Professor Makram Essafi
Institut Pasteur de Tunis, Tunisia
Activation of the Host FOXO3 during BCG vaccination confers higher protection against Mycobacterium tuberculosis
BCG failure to induce long-term protection has been endowed to its mild activation of CD8-T cell responses along with the induction of the immunosuppressive cytokine IL-10. Enhanced apoptosis of BCG-infected macrophages potentiates dendritic cells- mediated priming of CD8T-cells, a process defined as “cross-priming”, while inhibition of IL-10 signalling, during BCG vaccination, confers higher protection against Mtb through a sustained Th1 and Th17 responses. We previously reported that apoptosis of BCG-infected macrophages relies on activation of FOXO3, a transcription factor negatively regulated by the pro-survival Akt kinase. We also found that FOXO3 inhibits IL-10 secretion in mycobacteria-infected macrophage through the direct binding to and repression of IL-10 promoter. We aim then to activate FOXO3, during BCG vaccination, as a strategy to induce a robust cellular protective immune response through the dual FOXO3-mediated effects on apoptosis and IL10 secretion. In the present study, we assessed the protective effect of the combination of BCG and the anticancer candidate MK-2206 (an Akt inhibitor/FOXO3 activator), against Mtb infection in animal model of infection. We observed that in vitro treatment with the MK-2206 activated FOXO3 leading to an enhancement of apoptosis and IL-10 abrogation in BCG-infected macrophages.
Co-administration of BCG along with MK-2206 also increased apoptosis of antigen presenting cells in draining lymph nodes of immunized mice. Further, MK-2206 administration improved BCG-induced CD4+ and CD8+ effector T cells responses and its ability to induce both effector and central memory T cells. Finally, we show that co-administration of MK-2206 enhanced the protection imparted by BCG against Mtb in aerosol infected mice and guinea pigs. Taken together, we provide evidence that MK-2206-mediated activation of FOXO3 potentiates BCG-induced immunity and imparts protection against Mtb through enhanced innate immune response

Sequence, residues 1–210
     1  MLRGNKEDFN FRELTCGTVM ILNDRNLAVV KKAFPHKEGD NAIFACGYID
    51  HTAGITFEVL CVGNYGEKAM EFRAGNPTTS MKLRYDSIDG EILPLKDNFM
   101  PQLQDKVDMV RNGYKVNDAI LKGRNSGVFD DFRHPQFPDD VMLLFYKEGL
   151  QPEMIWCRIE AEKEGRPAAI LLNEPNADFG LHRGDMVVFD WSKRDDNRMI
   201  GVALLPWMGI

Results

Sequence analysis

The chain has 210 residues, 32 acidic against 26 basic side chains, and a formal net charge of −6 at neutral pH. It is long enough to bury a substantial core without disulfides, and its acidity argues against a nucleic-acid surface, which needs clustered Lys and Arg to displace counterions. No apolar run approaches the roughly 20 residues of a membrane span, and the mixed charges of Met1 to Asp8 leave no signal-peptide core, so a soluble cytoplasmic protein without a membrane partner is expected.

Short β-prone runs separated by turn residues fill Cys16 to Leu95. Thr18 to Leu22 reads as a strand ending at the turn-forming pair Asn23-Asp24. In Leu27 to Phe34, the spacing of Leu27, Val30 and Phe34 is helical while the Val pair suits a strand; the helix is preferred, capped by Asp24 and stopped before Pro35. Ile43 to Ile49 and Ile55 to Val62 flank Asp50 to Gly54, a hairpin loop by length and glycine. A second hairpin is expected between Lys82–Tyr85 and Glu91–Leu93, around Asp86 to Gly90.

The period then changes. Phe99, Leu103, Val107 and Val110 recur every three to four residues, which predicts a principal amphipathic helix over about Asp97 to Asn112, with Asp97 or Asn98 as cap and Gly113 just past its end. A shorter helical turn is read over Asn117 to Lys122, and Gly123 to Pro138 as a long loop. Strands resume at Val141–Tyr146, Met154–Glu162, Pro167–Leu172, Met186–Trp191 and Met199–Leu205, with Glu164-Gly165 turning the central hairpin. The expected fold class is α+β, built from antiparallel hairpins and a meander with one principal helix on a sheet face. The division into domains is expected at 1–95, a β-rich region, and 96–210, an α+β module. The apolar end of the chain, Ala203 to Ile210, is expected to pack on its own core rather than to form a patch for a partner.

I am leading a group working on the role of host innate immune response in the establishment of efficient adaptive immune response against TB. The major aim is to uncover the host factors involved in such response to help generating tools to be used either as adjuncts for the standard treatment of TB or as adjuvants to enhance the efficacy of BCG. The data we generated led us to work on the development of better versions of BCG vaccine to prevent/treat Tuberculosis. Our approach consists of optimizing the host innate immune response (apoptosis, phagosome/cytosol translocation and IL-10 secretion) towards the establishment of an efficient CD8-mediated adaptive immune response. A second part of our work is dedicated to study the interactions of human macrophage with Mycobacterium tuberculosis (Mtb) virulent factors, mainly ESAT-6/CFP10 complex. Our findings strongly suggest ESAT-6 as being one of the effectors used by M. tuberculosis to drive the switch of macrophages polarization from M1 to M2 phenotype. Our study also improves the current knowledge regarding mechanisms of virulence of M. tuberculosis and may be helpful to develop novel tools targeting ESAT-6 for a better and more efficient treatment of tuberculosis. The group is also working in collaboration with local and international teams to develop novel tools for TB diagnosis